We are the Ones
We Have Been Waiting For
by Alice Walker
Excerpted from Alice Walker’s We Are the Ones We Have Been Waiting For: Inner Light in a Time of Darkness, first published by The New Press, November 1, 2006. Reprinted by permission of The Wendy Weil Agency, Inc. ©2006 by Alice Walker.
It is the worst of times. It is the best of times. Try as I might I cannot find a more appropriate opening for this volume: it helps tremendously that these words have been spoken before and, thanks to Charles Dickens, written at the beginning of A Tale of Two Cities. Perhaps they have been spoken, written, thought, an endless number of times throughout human history. It is the worst of times because it feels as though the very Earth is being stolen from us, by us: the land and air poisoned, the water polluted, the animals disappeared, humans degraded and misguided. War is everywhere. It is the best of times because we have entered a period, if we can bring ourselves to pay attention, of great clarity as to cause and effect. A blessing when we consider how much suffering human beings have endured, in previous millennia, without a clue to its cause. Gods and Goddesses were no doubt created to fill this gap. Because we can now see into every crevice of the globe and because we are free to explore previously unexplored crevices in our own hearts and minds, it is inevitable that everything we have needed to comprehend in order to survive, everything we have needed to understand in the most basic of ways, will be illuminated now. We have only to open our eyes, and awaken to our predicament. We see that we are, alas, a huge part of our problem. However: We live in a time of global enlightenment. This alone should make us shout for joy.
It is as if ancient graves, hidden deep in the shadows of the psyche and the earth, are breaking open of their own accord. Unwilling to be silent any longer. Incapable of silence. No leader or people of any country will be safe from these upheavals that lead to exposure, no matter how much the news is managed or how long people’s grievances have been kept quiet. Human beings may well be unable to break free of the dictatorship of greed that spreads like a miasma over the world, but no longer will we be an inarticulate and ignorant humanity, confused by our enslavement to superior cruelty and weaponry. We will know at least a bit of the truth about what is going on, and that will set us free. Perhaps not free in the old way of thinking about freedom, as literal escape from enslavement in its various forms, but free in our understanding that our domination is not a comment on our worth. It is an awesome era in which to live.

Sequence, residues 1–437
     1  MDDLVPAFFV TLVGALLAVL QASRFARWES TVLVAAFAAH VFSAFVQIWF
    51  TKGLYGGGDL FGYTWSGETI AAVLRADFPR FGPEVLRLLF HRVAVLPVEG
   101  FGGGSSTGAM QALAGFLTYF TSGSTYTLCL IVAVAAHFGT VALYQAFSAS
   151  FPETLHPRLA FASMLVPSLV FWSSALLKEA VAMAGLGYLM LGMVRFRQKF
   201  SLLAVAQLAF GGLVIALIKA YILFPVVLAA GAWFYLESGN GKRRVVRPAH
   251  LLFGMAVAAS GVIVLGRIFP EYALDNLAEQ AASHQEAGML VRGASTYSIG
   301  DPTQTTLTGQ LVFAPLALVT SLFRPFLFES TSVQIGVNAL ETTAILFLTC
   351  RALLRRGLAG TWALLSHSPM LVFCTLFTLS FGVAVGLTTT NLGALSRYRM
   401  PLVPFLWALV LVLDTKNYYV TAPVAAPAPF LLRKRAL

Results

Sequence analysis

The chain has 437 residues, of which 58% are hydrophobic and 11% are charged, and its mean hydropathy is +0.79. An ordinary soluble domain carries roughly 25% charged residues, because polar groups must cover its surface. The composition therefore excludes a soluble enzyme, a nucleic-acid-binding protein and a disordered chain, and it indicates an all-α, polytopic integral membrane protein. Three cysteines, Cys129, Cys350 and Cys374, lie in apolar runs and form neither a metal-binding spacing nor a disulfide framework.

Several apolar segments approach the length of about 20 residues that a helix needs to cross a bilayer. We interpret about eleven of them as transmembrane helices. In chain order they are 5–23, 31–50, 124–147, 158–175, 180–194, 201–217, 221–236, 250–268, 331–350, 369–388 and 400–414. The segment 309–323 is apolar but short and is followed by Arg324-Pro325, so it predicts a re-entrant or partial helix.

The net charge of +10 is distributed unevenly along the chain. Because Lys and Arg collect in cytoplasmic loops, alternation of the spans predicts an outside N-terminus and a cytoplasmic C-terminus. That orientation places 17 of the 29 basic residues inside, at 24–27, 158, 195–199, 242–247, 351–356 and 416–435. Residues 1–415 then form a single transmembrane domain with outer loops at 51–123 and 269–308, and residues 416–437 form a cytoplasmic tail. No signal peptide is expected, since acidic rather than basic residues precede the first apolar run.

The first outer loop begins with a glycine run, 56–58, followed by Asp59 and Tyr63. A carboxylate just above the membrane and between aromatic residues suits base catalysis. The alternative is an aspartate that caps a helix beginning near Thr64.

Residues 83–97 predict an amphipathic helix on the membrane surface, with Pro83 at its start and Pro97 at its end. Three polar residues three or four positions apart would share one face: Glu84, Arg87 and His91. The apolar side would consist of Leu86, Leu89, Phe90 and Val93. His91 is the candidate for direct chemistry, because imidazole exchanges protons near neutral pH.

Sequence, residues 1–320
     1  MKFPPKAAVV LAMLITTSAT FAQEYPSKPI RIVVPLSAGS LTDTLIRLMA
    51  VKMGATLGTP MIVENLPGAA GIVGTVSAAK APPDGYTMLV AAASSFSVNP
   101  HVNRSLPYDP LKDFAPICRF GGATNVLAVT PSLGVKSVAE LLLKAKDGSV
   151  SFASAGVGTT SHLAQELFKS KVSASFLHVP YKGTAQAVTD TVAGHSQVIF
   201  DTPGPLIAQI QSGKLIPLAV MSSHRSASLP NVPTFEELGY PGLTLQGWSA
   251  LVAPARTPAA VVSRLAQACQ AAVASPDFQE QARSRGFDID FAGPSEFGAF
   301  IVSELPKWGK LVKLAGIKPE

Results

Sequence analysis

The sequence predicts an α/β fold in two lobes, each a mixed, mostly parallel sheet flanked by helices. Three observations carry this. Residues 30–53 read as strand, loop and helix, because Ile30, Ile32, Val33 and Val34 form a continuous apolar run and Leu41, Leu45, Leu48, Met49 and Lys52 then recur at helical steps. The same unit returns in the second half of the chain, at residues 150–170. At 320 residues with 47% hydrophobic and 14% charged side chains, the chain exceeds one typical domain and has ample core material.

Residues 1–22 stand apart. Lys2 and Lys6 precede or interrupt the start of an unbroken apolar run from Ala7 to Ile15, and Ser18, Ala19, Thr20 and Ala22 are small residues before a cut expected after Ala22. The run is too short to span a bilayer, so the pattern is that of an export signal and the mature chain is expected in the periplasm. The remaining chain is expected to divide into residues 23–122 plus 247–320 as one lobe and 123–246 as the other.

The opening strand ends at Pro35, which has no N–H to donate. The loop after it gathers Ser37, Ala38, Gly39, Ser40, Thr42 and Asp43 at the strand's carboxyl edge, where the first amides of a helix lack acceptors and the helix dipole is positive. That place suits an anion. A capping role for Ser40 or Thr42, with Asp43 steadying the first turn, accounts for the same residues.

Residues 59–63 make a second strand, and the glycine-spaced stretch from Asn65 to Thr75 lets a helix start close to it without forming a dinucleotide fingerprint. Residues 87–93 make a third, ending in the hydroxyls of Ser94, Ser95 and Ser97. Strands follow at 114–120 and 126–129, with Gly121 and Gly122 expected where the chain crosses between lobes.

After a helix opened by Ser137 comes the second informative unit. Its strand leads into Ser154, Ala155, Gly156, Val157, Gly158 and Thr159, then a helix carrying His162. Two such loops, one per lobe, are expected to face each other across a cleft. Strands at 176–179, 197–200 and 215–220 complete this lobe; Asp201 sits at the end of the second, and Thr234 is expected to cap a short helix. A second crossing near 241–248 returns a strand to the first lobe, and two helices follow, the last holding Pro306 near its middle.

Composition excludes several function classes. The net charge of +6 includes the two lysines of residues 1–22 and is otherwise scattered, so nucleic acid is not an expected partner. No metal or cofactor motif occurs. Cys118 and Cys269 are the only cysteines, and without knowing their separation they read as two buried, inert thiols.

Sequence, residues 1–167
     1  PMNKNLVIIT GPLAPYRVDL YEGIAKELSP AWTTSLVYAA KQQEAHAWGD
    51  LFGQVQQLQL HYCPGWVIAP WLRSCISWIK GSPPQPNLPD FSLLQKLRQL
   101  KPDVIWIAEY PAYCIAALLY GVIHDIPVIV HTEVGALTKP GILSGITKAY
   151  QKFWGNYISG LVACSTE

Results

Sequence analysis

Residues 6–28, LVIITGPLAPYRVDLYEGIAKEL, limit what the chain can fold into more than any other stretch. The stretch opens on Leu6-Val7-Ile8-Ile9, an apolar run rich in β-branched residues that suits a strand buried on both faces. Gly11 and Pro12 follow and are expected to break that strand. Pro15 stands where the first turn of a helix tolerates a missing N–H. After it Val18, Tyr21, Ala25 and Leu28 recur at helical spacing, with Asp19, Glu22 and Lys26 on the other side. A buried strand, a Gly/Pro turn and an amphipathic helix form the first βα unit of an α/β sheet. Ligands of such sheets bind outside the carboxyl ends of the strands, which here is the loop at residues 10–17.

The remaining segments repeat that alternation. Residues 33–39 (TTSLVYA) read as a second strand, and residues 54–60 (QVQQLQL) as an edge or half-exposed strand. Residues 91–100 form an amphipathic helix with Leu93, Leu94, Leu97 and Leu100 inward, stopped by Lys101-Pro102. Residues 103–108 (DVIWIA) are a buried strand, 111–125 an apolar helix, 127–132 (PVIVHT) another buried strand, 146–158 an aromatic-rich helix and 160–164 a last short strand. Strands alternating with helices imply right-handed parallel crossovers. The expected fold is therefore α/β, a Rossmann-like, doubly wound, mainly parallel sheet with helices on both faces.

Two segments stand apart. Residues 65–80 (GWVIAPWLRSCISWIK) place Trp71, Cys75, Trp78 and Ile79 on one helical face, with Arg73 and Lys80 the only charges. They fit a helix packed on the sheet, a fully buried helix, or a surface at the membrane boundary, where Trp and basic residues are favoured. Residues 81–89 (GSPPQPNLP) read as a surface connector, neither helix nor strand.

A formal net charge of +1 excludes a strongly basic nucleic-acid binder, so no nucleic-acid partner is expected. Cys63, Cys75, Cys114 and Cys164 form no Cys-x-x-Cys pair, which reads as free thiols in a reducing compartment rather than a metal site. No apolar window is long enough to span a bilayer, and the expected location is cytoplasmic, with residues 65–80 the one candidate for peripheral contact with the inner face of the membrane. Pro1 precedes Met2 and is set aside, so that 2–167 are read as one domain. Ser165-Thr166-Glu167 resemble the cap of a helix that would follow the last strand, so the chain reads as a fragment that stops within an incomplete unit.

It was the poet June Jordan who wrote "We are the ones we have been waiting for." Sweet Honey in the Rock turned those words into a song. Hearing this song, I have witnessed thousands of people rise to their feet in joyful recognition and affirmation. We are the ones we’ve been waiting for because we are able to see what is happening with a much greater awareness than our parents or grandparents, our ancestors, could see. This does not mean we believe, having seen the greater truth of how all oppression is connected, how pervasive and unrelenting, that we can "fix" things. But some of us are not content to have a gap in opportunity and income that drives a wedge between rich and poor, causing the rich to become ever more callous and complacent and the poor to become ever more wretched and humiliated. Not willing to ignore starving and brutalized children. Not willing to let women be stoned or mutilated without protest. Not willing to stand quietly by as farmers are destroyed by people who have never farmed, and plants are engineered to self-destruct. Not willing to disappear into our flower gardens, Mercedes Benzes or sylvan lawns. We have wanted all our lives to know that Earth, who has somehow obtained human beings as her custodians, was also capable of creating humans who could minister to her needs, and the needs of her creation. We are the ones.